• Is the exhibit space used properly for showing the material?
  • Is scarce or expensive material duplicated?
  • Is the material proper and relevant philatelic material for the subject matter?
  • Does the exhibitor show originality of approach?

Philatelic and Related Knowledge, Personal Study and Research

Philatelic and Related Knowledge, Personal Study and Research require the following evaluation: Knowledge is the degree of knowledge of the exhibitor as expressed by the items chosen for display and the related comments; Personal Study is the proper analysis of the items chosen for display; Research is the presentation of new facts relating to the chosen subjects. The following should be considered when evaluating the criterion of Philatelic and Related Knowledge, Personal Study and Research:
  • Are the correct items chosen for the display? Why? What don't you have?
  • Are the displayed items properly analysed?
  • Is there any information about the dates / postal rates / postal routes / markings etc. missing?
  • Is the provided information correct?
  • Does the exhibit show outstanding personal research?
  • Is new and original research documented?
  • Is available research used successfully?
  • Is the information given balanced against the introductory plan?

Condition and Rarity

Condition and rarity are obvious but can often be contradictory. The exhibitor will have to decide whether to display a scarce cover in poor condition or a not so scarce cover in a better condition. One must bear in mind the best quality available. Modern material should be in first class condition. Rarity is directly related to the philatelic items shown and the relative scarcity of material available. Rarity is not always equivalent with or proportional to value. As condition varies for various material and items, judges should consider the quality obtainable. In general, good condition, clear legible postal marking and cachets, and a good general appearance should be rewarded, while poor quality should be penalised. Stamps on covers and other items should be in good condition. Crash and postal damaged covers and items are an exception to the general rule on condition. However, the postal markings applied to salvage covers should be as clear as possible. Repaired items are to be mentioned in the description. The detection of obviously faked or repaired material, which is not described as such, will result in a penalty.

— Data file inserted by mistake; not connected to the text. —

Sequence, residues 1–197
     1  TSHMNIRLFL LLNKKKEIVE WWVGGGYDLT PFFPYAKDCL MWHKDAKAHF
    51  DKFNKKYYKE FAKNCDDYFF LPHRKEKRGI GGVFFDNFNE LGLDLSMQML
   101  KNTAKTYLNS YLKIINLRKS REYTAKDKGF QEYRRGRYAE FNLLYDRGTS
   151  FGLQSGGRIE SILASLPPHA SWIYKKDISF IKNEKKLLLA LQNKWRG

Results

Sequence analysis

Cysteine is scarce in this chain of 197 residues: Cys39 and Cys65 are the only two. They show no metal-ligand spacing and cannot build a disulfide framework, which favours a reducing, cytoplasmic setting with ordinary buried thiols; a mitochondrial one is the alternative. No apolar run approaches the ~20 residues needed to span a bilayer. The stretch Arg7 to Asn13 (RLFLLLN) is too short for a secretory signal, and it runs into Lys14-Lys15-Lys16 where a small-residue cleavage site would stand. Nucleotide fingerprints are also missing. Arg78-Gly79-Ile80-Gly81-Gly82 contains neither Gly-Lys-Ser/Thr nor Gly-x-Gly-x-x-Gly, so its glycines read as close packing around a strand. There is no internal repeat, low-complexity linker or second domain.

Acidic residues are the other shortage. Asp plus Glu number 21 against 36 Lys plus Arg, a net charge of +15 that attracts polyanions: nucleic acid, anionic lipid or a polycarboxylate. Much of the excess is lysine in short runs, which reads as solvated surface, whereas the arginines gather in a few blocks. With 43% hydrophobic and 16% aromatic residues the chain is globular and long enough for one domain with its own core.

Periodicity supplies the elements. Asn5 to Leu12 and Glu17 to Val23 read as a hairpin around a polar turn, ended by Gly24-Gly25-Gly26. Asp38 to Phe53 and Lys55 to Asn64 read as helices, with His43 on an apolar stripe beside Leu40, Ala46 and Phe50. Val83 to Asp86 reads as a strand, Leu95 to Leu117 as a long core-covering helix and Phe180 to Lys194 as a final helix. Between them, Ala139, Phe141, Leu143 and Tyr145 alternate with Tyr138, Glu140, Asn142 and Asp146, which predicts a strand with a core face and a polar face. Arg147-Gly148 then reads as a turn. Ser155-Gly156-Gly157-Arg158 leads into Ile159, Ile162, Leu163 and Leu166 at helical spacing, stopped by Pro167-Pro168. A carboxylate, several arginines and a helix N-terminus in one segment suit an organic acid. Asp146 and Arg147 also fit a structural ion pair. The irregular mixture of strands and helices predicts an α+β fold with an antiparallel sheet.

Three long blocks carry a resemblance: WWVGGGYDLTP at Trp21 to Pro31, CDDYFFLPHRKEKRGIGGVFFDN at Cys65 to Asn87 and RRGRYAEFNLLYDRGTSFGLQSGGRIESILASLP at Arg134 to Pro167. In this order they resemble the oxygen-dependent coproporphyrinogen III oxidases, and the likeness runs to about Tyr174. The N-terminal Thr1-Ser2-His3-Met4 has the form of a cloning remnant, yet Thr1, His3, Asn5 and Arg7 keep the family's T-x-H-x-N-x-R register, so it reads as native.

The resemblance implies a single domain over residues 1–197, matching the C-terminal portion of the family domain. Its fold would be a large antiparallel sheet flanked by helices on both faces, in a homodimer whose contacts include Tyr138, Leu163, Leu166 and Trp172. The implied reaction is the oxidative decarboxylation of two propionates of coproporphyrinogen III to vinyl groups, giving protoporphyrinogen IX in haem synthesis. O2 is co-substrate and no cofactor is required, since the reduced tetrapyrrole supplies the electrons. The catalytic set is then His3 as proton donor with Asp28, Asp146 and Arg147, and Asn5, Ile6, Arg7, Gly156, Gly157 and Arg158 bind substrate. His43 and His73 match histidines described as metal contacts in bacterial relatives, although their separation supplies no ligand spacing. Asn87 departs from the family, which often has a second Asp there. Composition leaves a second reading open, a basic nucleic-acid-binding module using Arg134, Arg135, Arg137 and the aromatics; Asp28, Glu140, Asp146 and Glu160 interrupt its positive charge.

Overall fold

The following points should be considered when evaluating the Condition criterion:
  • Is the quality of the rare material of an acceptable condition?
  • Is the quality of more common material immaculate?
  • Are repaired objects mentioned in the description?
  • Are postmarks and manuscript markings legible?
  • Are stamps, vignettes and labels shown in good condition?
  • Does the exhibit contain many overpaid items?

The following points should be considered when evaluating the Rarity criterion:
  • Does the exhibit show all the objects of its field?
  • Does the exhibit display newly discovered items?
  • Are items of this field of exhibiting easy to acquire?
  • Is common material dominating the exhibit?

Presentation

Presentation should complement the treatment of the exhibit by its general layout and clarity. Judges should evaluate how the presentation enhances the understanding and attractiveness of the exhibit. Illustrations of relevant postal markings are necessary only when the originals are not clear enough to the observer. When it is desirable to illustrate significant markings on the reverse side of a cover, they may either be drawn or illustrated with a reproduction (photograph, photocopy or scanned image), but a reproduction should be apparent as such to the observer. Colour copies or photographs should be reduced at least 25% in size from the original and clearly marked as a copy. Presentation may be worth up to 15% of the mark and some exhibitors do not give this enough attention. A nicely presented exhibit may assist the jurors in a better understanding of the Treatment, Knowledge and Rarity of the exhibit and therefore gain extra points under those sections.